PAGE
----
Category Archives: Political Campaigns

MoCo Mailboxes: “God Help Us”

By Adam Pagnucco.

Mailboxes across MoCo are reeling from fatigue as they are crushed daily by tidal waves of political mail.  On Friday, your author received mailers from Action Committee for Transit, the sitting judges, Council At-Large candidate Will Jawando, District 18 Senate candidate Dana Beyer and District 18 House candidate Emily Shetty.  The next day your author received mailers from County Executive candidates David Blair and Roger Berliner, Council At-Large candidates Bill Conway and Evan Glass, District 18 House candidates Leslie Milano, Joel Rubin and Jared Solomon and the Maryland Realtors on behalf of District 18 Senate candidate Jeff Waldstreicher.  That’s thirteen political mailers in two days.

District 18 is an unusually busy place.  It has at least six General Assembly candidates with six-figure campaign budgets, or close to it.  But lots of places around MoCo have serious competition, including Congress District 6, Council Districts 1 and 3 and all the state legislative districts except 14.  In addition, there are strongly contested races for Governor, County Executive and Council At-Large.

Candidates line up to door knock at a Super Democrat’s house.

In the old days, the rule of thumb was that early mail was a waste of money.  Now we wonder about that.  There was a time not so long ago when Congress District 6 candidate David Trone, County Executive candidate David Blair and District 18 Senate candidate Dana Beyer – all self-funders – had the mailboxes largely to themselves.  Now the mailboxes may not be big enough to hold each day’s batch.  Everyone’s mail is getting lost in the shuffle.  And when so much of it looks the same – almost everyone is a “progressive leader” who promises to fund schools, fix congestion and resist Trump – it’s unclear that anyone can win through mail.  It’s going to take something else to get across the line.

The best of the mailers: District 18 House candidate Emily Shetty and her adorable son.

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Lately, your author has been performing a cruel experiment.  Our son just turned nine.  He much prefers Star Wars, nerf guns and video games to politics, but he understands that he has an eccentric Dada whose strange wishes must be occasionally tolerated.  So when the new batches of mail come, your author gives them to him and asks which ones are his favorites.  At first, the oppressed son dutifully complied and gave curt opinions.  (He likes Will Jawando because he met him and David Blair because he owns Badlands Playspace.)  But now, the requests for review are met with eye rolls and crankiness.  “Do I really have to look at this stuff?” he groans.

We suspect more than a few MoCo voters might agree!


We Get Phone Calls

By Adam Pagnucco.

Sometimes your author gets phone calls like this.


Politician X:  Hey Pagnucco!  How’s the kid?  How’s business?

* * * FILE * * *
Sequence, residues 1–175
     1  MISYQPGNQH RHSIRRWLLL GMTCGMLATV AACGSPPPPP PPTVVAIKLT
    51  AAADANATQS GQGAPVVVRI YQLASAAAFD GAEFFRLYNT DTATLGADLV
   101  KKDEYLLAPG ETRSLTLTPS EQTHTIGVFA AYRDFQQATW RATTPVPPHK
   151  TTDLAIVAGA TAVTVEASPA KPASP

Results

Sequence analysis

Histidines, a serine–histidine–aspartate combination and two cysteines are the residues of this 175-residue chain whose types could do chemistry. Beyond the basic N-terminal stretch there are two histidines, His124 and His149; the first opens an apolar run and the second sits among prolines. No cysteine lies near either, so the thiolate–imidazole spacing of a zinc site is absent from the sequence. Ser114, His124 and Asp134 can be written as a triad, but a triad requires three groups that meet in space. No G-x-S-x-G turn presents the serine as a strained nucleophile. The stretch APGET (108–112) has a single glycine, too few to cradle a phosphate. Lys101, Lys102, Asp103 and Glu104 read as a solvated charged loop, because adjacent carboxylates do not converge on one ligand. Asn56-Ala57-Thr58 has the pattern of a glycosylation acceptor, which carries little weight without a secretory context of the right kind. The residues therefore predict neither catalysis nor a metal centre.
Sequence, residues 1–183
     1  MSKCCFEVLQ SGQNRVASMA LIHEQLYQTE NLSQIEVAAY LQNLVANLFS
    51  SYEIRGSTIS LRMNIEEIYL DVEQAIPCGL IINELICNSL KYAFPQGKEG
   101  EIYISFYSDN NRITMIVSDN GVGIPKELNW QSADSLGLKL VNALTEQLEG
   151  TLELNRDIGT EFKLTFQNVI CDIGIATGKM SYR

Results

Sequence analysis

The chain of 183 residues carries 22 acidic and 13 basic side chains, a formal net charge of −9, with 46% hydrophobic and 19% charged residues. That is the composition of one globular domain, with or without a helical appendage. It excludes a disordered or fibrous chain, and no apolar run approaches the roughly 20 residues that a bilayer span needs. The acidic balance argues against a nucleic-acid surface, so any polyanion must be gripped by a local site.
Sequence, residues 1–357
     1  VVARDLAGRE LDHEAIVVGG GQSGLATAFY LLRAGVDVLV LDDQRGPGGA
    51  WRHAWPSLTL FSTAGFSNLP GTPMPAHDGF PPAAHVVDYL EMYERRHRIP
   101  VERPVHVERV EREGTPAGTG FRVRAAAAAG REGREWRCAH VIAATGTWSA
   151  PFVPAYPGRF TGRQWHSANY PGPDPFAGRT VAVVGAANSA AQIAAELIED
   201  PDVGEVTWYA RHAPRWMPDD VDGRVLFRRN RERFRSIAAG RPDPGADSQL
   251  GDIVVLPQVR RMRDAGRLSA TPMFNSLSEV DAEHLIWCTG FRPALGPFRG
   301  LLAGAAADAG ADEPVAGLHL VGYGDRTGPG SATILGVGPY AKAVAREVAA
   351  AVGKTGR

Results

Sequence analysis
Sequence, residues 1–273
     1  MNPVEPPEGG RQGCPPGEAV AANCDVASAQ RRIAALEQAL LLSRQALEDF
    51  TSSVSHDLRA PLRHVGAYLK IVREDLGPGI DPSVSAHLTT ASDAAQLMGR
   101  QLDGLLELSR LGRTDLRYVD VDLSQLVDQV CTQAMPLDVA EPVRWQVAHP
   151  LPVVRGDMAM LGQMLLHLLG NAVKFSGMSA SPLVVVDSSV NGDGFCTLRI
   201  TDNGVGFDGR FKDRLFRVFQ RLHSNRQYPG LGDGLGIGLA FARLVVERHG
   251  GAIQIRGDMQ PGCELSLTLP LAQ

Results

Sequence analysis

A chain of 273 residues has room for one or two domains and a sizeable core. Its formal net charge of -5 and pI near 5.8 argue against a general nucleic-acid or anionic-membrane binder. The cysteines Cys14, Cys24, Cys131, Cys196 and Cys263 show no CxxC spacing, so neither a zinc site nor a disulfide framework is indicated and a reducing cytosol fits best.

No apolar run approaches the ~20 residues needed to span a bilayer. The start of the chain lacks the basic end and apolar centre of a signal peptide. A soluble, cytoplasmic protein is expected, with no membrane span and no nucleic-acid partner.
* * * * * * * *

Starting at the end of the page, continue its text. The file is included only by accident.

Me:  Well, I –

Politician X:  Great to hear it.  I got something you need to write about RIGHT NOW.

Politician X then tells a story about Politician Y.  On a scale of 1 to 10, with 10 equal to felonious behavior and/or rooting for the Dallas Cowboys and 1 equal to peeing in the shower, this is a 2.5.  Nothing illegal here, but there might be some questionable judgment IF it’s true.  As background, Y is not running against X, but Y has endorsed one of X’s opponents.  X also heard a rumor years ago that Y told someone X is a conniving politician.

Me:  OK.  Do you have any proof that Y did that?

Politician X:  No.  But you know it’s gotta be true!  Remember when Y did that other thing?

X retells another story about Y from a while back that was never verified.  That one might have been a 3.5 IF it ever happened.

Me:  Are there any documents?  Any links?  (The allegation does not involve anything easily verified like a vote on legislation, a campaign contribution or a screenshot.)

Politician X:  I don’t know.  Maybe you can find something.  Ask Politician Y.  Maybe he’ll be stupid enough to admit it!

Me:  Um, OK… Lemme think about whether this is provable, and if so, how.  In the meantime, if you believe it’s true and you can back it up, say it on Facebook.  Then maybe it will be covered.  At least it will be discussed, and if there’s anything there, it might come out.

Politician X:  I can’t do that!  I’m running for office.  If I say that, Y’s supporters will come after me.  That’s why we have blogs.  You guys will say anything!

Me: … … …

Politician X:  I’ll check back later to see how that story is coming along.


Look folks.  We like investigating allegations, but there has to be something to them.  If you’re going to tell us something, be ready to 1. supply evidence or 2. go on the record.  We’re not gonna print unfounded speculation on your behalf just so you can get someone else to say something YOU want to say but won’t.  We’re not the New York Times, but there are such things as libel laws.  If you want to libel someone, do it yourself!

If you are thinking of making a call like the one made by Politician X above, don’t bother.  And Politician X, if you are reading this – and we know you will! – the next time you make a call like this we are gonna print your name.  Believe that!